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GISAID

GISAID

GISAID is a nonprofit organization dedicated to the collection of influenza related data and genome sequencing.

The GISAID Initiative enables the rapid sharing of influenza virus data through a unique sharing mechanism, that was recognized for its importance to global health by all G20 health ministers in 2017. The Initiative involves public-private partnerships between the nonprofit organization Freunde von GISAID e.V. and governments of the Federal Republic of Germany, the official host of the GISAID EpiFluTM database - which provides public access to the most complete collection of genetic sequence data of influenza viruses and related clinical and epidemiological data - Singapore and the United States of America.

Initially spurred by the threat posed by human infections with highly pathogenic avian influenza H5N1, GISAID introduced its novel sharing mechanism in 2008 that permits free and open access to influenza data, to anyone who positively identifies himself or herself, and agrees to respect the inherent rights of contributors. GISAID's database access agreement ensures that contributors of virus sequence data do not forfeit intellectual property rights to the data.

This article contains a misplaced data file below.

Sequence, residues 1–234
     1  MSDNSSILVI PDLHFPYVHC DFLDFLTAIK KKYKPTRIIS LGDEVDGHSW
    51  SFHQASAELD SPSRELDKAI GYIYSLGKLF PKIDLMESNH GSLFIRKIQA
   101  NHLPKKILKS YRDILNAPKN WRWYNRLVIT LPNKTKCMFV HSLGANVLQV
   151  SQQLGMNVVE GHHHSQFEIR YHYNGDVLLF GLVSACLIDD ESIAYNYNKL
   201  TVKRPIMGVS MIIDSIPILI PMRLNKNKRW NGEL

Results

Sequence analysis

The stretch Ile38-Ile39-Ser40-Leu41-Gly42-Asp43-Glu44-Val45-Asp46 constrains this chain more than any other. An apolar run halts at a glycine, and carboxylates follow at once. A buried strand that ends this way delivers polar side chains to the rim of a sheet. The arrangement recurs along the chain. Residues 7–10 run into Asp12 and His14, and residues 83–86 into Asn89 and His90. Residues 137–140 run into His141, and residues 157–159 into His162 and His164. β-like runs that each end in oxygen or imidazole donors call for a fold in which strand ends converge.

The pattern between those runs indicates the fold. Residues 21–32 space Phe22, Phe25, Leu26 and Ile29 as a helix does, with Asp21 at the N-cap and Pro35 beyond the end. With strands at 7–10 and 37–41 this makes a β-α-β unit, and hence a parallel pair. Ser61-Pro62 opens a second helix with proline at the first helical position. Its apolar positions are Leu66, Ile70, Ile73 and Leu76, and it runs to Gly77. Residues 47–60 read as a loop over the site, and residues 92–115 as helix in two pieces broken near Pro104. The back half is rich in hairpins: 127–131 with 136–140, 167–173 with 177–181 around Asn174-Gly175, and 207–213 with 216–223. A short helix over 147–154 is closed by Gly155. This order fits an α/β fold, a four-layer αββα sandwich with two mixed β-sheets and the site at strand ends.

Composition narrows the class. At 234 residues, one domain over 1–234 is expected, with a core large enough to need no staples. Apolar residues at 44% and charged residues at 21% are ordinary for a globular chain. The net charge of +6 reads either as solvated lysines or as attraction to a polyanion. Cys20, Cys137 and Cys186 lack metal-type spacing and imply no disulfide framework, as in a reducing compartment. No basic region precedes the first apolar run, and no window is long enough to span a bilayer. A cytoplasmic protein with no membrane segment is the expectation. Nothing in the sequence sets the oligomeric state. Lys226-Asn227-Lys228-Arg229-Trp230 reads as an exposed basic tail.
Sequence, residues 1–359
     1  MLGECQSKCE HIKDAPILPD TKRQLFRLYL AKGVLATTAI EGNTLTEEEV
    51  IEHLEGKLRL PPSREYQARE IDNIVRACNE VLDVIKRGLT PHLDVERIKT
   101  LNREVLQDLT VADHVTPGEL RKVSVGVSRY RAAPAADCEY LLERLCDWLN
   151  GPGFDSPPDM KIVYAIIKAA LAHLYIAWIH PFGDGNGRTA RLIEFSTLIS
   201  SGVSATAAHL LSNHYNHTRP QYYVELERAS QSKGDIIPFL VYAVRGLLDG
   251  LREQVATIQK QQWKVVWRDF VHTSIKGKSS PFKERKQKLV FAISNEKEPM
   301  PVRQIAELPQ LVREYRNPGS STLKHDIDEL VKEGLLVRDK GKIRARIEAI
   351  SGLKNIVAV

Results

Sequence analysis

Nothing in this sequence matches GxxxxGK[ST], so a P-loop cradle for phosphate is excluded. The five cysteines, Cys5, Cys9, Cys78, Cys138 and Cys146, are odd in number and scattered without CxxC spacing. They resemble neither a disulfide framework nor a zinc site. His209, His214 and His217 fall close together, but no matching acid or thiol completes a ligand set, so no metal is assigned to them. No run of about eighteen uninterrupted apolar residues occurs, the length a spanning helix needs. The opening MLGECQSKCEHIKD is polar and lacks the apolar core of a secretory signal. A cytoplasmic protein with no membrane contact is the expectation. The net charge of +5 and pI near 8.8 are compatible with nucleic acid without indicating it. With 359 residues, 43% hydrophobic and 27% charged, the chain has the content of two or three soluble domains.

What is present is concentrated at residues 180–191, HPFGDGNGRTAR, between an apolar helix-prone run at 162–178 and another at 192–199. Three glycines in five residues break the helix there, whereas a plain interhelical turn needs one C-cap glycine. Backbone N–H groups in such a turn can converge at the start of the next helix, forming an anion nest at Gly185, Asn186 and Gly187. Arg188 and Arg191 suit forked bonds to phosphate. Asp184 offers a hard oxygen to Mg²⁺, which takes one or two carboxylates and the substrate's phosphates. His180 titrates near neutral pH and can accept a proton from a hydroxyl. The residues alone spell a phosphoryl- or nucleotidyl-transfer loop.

Covid-19

GISAID has developed an application to follow the data and genome sequencing of Covid-19. They are working to bring the data together and make it available for others studying and tracking the Covid-19 sequencing and related clinical and epidemiological data. They also track the spread and the phylogeny with visual aids. The data and the mapping are available for download along with the data through GISAID's website.

Timeline

People

Name
Role
LinkedIn

Benjamin Turner

Database Technical Group Member

Catherine B. Smith, VSDB OBC

Database Technical Group Member

Dr. Andrey B. Komissarov

Database Technical Group Member

Dr. David E. Wentworth

Scientific Advisory Council Member

Dr. Isabella Monne

Database Technical Group Member

Dr. Joachim Buch

Database Technical Group Member